While most Koreans are very familiar with the March 1919 Korean Independence Movement, it is easy to forget the seminal role the Korean Diaspora played in the drive for self-governance. The non-violent demonstrations against Japanese colonizers on March 1st, 1919 resulted in a swift, brutal response from the Japanese military and much of the Korean Independence Movement was either driven underground or formally orchestrated from overseas.

Photo: Seo Jae-pil, Korean Independence League, in Philadelphia in 1919.

Photo: Seo Jae-pil, Korean Independence League, in Philadelphia in 1919.

To this end, the Korean Provisional Government of the Republic of Korea was formed in Shanghai, China and a Korean Congress was held in April, 1919 in Philadelphia, USA to clarify the “aims and aspirations” of the Korean people. From the period of 1919 to 1921, there are estimates of over 9,700 editorials protesting the Japanese colonization of Korea published in U.S. newspapers and periodicals across the nation. Korean civil society groups, religious leaders, groups – particularly American missionaries, U.S. politicians and the media worked to make the plight of the Korean people known to the whole world.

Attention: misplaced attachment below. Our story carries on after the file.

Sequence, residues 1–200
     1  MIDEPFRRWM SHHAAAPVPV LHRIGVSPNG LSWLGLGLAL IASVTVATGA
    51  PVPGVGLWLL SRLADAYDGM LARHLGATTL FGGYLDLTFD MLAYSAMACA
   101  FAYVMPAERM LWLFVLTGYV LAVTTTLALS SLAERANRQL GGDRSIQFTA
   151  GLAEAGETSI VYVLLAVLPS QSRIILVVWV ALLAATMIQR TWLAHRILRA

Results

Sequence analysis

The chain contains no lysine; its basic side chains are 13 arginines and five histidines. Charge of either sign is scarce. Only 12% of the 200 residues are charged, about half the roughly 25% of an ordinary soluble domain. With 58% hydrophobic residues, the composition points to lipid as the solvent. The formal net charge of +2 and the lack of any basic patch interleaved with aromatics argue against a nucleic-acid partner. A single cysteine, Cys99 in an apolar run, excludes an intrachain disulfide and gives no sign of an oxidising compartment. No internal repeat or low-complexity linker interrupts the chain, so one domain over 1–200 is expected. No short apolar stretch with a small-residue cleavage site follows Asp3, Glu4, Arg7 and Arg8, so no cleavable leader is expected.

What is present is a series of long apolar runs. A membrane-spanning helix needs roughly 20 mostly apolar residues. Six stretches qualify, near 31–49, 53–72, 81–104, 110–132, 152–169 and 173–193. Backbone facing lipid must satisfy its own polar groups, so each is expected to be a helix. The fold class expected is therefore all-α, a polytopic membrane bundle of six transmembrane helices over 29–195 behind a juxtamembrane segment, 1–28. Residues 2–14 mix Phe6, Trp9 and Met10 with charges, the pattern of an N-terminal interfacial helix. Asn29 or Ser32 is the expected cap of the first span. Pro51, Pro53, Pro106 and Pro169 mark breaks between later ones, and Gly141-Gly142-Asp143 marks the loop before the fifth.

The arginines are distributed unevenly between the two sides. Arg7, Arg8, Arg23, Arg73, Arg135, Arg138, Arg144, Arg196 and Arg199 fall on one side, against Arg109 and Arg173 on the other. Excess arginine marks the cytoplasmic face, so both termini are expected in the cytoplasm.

Yet the Korean Independence Movement is instructive in showing us the danger of allowing others to intervene and decide matters for us, even if done on our own behalf. We can only imagine what decolonization would have looked like if we had taken a firmer hold of the reigns of destiny by building the vibrant and engaged civil society that self-governance always requires. Instead, after the defeat and departure of the Japanese colonizers, it was not us but the U.S. and U.S.S.R. who decided Korea’s fate at the 38th parallel, setting the stage for the disastrous proxy conflict during the Korean War.

In examining the role that the Korean Diaspora played during the first quarter of the 20th century, we could suggest a similar role for the Korean people in this time for the North-South Korean reunification. Clearly, we must be the ones to take charge of our own fate and work towards unification. More importantly, we need to work for what lays beyond it. Most would agree that what we see in North and South Korea today is not a clear representation of our noble ideals and aspirations. Before the two sides achieve reunification, we are fortunate to have the opportunity to question our current realities and seek to define our common Korean Dream.

To do this properly, we must articulate the vision and principles that make Korea great, starting from Korea’s founding ideals of the Hongik Ingan. It is important to realize that there are no shortcuts in this. As Koreans in the north, the south and all over the world, we must all take full ownership and engage in these conversations. Perhaps it is through this process that we will re-discover our true identity, heritage and destiny for the world.

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